• Jake Pollock,

    Bernie Sanders tells it like it is.

    Raumati South • Since Nov 2006 • 489 posts Report Reply

  • Sacha,

    Thanks, Jake. Wow. I so wish there was anyone locally saying that so clearly and forcefully.

    Ak • Since May 2008 • 19740 posts Report Reply

  • Sacha, in reply to tatjna,

    Actually, Tatjana, you *are* making the case really well. Thank you. As some of your commenters have said, you could easily submit that to a newspaper op-ed page with a smidge of editing. I like this theme:

    Those things are not things that make me better than anyone else. What they do is make me luckier. They make me more employable. They are things that came to me through no effort on my part, and a lot of people out there do not have those things.

    ....

    People are on a benefit long term because there are more people available than there are jobs available. Because NZ's wages have not kept up with inflation and therefore single parents cannot earn enough to pay child care costs so that they can work the hours required by employers. Because New Zealand still has prejudices against people with disabilities, people who are older, people who might get pregnant and people with brown skin. AND BECAUSE THERE AREN'T ENOUGH JOBS TO GO AROUND. And because a lot of the available jobs are only accessible to those who've done the ten or so years of upskilling required while earning minimum wage supplemented by a benefit.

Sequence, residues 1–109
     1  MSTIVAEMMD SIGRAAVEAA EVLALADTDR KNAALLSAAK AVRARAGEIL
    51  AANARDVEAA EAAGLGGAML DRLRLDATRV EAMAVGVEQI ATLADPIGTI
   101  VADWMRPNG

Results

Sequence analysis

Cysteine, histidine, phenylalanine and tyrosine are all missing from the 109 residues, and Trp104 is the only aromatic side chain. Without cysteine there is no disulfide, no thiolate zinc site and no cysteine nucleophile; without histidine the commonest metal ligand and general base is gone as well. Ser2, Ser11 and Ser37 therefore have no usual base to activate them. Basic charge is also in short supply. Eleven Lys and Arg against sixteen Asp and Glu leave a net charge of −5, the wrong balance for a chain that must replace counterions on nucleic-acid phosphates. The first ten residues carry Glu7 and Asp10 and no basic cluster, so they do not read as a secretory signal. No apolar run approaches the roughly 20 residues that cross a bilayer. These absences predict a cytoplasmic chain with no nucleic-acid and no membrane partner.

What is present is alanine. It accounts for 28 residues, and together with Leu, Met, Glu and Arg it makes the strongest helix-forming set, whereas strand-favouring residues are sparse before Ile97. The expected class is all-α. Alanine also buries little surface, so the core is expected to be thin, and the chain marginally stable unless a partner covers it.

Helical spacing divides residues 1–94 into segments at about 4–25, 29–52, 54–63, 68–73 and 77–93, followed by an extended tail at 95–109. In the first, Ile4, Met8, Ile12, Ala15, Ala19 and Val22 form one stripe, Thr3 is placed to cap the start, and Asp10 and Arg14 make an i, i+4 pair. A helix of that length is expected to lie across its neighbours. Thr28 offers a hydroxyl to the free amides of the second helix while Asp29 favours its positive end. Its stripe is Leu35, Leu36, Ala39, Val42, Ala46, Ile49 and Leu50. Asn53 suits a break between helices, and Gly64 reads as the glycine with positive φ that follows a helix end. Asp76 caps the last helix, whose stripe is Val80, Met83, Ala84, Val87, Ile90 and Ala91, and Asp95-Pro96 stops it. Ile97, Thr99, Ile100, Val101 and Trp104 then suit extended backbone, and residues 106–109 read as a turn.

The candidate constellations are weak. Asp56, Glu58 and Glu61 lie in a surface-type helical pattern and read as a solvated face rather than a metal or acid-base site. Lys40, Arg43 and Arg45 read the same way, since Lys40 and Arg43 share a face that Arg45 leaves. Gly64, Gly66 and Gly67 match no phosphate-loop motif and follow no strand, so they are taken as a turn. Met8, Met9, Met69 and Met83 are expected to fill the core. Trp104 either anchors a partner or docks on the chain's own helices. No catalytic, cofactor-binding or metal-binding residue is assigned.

...

    Meanwhile, John Key please shut the fuck up. Yes, you were a fatherless child. That's about all you have in common with the children of those dead miners, or the children of the still-alive miners who worked at the now-defunct Pike River Mine. And don't you ever forget that you got your education for free. "Bootstraps", you say? "You too can be like me" you say? Okay, lets see those straps those kids are supposed to pull themselves up by. Because from what I see, they all got cut before these children were even born (but of course, after you benefited from them).

    John Key's family offered him the inherited social capital of the privileged wealthy of Europe (and his mother's father was a leather merchant, speaking of bootstraps). They certainly did it hard during his largely fatherless youth, though as you say propped up by all this nation's state supports so blithely dismantled by neolib nutters from 1984 onwards.

    But the individualistic 'boy from a state house made good' schtick is so much easier to sell. As is blaming each poor person for the failings of social and market structures deliberately designed for the benefit of others.

    Ak • Since May 2008 • 19740 posts Report Reply

First ←Older Page 1 4 5 6 7 8 Newer→ Last

Post your response…

Please sign in using your Public Address credentials…

Login

You may also create an account or retrieve your password.